1. Length of Gestation – Two stress hormones play a key role in the length of gestation: cortisol, and placental CRH, sometimes called the “master stress hormone.” When there are unhealthy levels of one or both of these hormones in the body of a stressed-out mom, especially in the third trimester, spontaneous premature birth can occur. Preterm birth leaves baby vulnerable to numerous problems both immediately at birth and as it grows older. Babies born before 37 weeks are considered premature and are susceptible to problems that include cerebral palsy, developmental delays, hearing and vision problems, and more.(3, 4) Even babies born only slightly prematurely can show a reduction in brain functioning and cognitive ability compared to babies born at 40 weeks. (5)
2. Birthweight and Size – In a study of 335 women in India, those who practiced yoga beginning in week 18 of pregnancy until delivery gave birth to bigger babies (more than 2500 g, or 5.5 lbs.) compared to the control group, and had fewer incidences of Intrauterine Growth Restriction or IUGR. (7) Among the numerous problems that could come up for babies who are born small are restricted growth into adolescence and adulthood, social and behavioral problems, neurocognitive impairments, and learning disabilities.
3. Motor, Cognitive + Memory Function – Unfortunately, high stress levels, especially in early pregnancy, may adversely affect baby’s brain in a multitude of ways. From poor cognitive skills and inhibited motor and language function to reduced gray matter in areas of the brain related to memory and learning, babies’ brains can be considerably impacted by maternal stress levels. (9, 10, 11, 12)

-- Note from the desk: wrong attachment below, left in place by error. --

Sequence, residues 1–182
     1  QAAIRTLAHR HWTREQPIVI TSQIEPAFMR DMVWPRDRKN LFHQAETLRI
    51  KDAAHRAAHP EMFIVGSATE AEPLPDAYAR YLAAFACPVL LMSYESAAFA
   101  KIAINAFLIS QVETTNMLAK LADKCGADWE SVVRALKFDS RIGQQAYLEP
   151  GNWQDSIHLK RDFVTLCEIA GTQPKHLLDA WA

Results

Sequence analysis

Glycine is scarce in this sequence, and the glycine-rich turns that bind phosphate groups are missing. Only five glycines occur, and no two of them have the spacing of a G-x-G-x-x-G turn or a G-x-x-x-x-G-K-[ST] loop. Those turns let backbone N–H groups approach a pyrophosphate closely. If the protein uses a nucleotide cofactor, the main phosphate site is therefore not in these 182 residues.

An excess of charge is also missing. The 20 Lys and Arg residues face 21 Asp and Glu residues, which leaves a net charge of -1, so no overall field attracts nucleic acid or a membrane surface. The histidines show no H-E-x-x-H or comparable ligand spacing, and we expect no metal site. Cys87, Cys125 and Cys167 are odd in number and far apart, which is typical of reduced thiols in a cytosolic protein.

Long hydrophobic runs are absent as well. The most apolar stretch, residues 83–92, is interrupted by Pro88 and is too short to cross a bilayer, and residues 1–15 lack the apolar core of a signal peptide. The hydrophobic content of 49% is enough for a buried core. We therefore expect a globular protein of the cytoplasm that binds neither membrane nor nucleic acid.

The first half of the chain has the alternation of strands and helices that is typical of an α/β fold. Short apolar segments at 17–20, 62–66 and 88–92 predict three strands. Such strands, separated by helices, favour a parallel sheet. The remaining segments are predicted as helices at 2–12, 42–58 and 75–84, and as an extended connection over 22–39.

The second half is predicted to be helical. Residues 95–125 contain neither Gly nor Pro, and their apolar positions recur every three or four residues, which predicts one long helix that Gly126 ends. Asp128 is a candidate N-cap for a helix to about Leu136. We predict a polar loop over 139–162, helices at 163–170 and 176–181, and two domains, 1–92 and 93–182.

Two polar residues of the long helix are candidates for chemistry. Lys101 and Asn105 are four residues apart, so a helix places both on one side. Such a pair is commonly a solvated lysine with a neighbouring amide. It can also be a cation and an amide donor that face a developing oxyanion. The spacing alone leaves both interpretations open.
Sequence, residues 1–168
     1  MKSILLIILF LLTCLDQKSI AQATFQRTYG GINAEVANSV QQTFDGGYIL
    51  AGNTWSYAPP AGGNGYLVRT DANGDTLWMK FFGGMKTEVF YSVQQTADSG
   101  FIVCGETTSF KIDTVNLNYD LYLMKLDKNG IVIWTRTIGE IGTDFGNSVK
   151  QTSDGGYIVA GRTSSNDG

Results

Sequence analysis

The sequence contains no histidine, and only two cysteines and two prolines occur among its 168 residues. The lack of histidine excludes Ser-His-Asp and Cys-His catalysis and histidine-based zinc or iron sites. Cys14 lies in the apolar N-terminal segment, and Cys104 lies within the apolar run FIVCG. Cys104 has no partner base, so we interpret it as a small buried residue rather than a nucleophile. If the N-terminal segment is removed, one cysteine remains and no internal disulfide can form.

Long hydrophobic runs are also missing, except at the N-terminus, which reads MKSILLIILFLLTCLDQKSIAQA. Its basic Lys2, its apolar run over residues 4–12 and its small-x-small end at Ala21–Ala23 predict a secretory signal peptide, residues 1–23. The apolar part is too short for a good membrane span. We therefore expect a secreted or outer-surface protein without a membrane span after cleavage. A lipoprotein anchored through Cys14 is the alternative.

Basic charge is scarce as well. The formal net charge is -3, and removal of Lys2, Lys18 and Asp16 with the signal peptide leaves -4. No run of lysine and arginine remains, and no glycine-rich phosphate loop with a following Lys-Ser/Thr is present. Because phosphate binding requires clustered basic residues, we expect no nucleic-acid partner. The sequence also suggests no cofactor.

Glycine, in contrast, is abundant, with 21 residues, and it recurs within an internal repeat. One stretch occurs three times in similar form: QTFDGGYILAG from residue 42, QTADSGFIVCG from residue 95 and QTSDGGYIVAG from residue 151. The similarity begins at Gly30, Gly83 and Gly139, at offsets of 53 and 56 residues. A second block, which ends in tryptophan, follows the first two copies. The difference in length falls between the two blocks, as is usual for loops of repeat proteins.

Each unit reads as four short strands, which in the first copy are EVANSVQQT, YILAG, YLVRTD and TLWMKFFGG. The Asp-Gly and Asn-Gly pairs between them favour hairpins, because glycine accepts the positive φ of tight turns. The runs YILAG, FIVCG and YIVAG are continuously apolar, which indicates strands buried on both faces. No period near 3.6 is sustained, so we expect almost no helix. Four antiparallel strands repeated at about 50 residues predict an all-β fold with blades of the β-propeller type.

Sometimes these developmental issues can be noticed immediately, such as a reduction of actual brain volume, but other times, cognitive impairments won’t show up until later on in life, and can sometimes be blamed on other factors such as diet, lifestyle, and environment. (9)
4. Nervous System Programming – A commonly cited perk of practicing yoga is reduced anxiety, and when practiced during pregnancy, this calmed state can directly translate into a calmer, less anxious child.
When mom reacts negatively or disproportionately to stressors from the outside world, her anxious nervous system sends signals to the developing fetus’ nervous system, programming it to respond similarly to anxiety and stress. However, moms who train their nervous system to stay calm and collected with yoga, meditation, and breathwork, can positively train their babies’ nervous systems to do the same. This could mean less fearful, anxious babies and children. (13, 9)